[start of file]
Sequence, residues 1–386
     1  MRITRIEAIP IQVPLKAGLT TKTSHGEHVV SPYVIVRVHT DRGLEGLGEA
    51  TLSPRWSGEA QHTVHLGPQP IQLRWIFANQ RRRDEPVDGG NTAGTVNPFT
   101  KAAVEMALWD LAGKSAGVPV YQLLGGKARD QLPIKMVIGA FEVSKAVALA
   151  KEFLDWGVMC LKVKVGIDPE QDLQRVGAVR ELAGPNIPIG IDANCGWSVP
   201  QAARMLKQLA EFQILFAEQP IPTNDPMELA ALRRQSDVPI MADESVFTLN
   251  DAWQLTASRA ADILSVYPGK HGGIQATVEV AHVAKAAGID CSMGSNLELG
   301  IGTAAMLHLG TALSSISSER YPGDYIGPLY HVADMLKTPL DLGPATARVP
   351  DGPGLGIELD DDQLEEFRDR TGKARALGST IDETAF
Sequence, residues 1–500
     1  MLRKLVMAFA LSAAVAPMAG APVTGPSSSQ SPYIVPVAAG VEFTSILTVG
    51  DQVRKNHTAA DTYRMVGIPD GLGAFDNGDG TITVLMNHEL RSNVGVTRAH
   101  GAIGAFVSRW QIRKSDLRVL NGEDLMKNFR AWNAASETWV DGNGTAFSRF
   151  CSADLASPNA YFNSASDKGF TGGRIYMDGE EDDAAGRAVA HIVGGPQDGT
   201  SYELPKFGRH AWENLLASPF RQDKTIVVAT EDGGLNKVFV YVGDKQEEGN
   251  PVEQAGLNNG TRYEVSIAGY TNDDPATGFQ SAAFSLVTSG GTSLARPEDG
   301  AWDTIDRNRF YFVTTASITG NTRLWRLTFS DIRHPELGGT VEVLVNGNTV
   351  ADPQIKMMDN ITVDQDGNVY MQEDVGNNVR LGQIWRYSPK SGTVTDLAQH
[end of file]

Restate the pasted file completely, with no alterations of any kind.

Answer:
Sequence, residues 1–386
     1  MRITRIEAIP IQVPLKAGLT TKTSHGEHVV SPYVIVRVHT DRGLEGLGEA
    51  TLSPRWSGEA QHTVHLGPQP IQLRWIFANQ RRRDEPVDGG NTAGTVNPFT
   101  KAAVEMALWD LAGKSAGVPV YQLLGGKARD QLPIKMVIGA FEVSKAVALA
   151  KEFLDWGVMC LKVKVGIDPE QDLQRVGAVR ELAGPNIPIG IDANCGWSVP
   201  QAARMLKQLA EFQILFAEQP IPTNDPMELA ALRRQSDVPI MADESVFTLN
   251  DAWQLTASRA ADILSVYPGK HGGIQATVEV AHVAKAAGID CSMGSNLELG
   301  IGTAAMLHLG TALSSISSER YPGDYIGPLY HVADMLKTPL DLGPATARVP
   351  DGPGLGIELD DDQLEEFRDR TGKARALGST IDETAF
Sequence, residues 1–500
     1  MLRKLVMAFA LSAAVAPMAG APVTGPSSSQ SPYIVPVAAG VEFTSILTVG
    51  DQVRKNHTAA DTYRMVGIPD GLGAFDNGDG TITVLMNHEL RSNVGVTRAH
   101  GAIGAFVSRW QIRKSDLRVL NGEDLMKNFR AWNAASETWV DGNGTAFSRF
   151  CSADLASPNA YFNSASDKGF TGGRIYMDGE EDDAAGRAVA HIVGGPQDGT
   201  SYELPKFGRH AWENLLASPF RQDKTIVVAT EDGGLNKVFV YVGDKQEEGN
   251  PVEQAGLNNG TRYEVSIAGY TNDDPATGFQ SAAFSLVTSG GTSLARPEDG
   301  AWDTIDRNRF YFVTTASITG NTRLWRLTFS DIRHPELGGT VEVLVNGNTV
   351  ADPQIKMMDN ITVDQDGNVY MQEDVGNNVR LGQIWRYSPK SGTVTDLAQH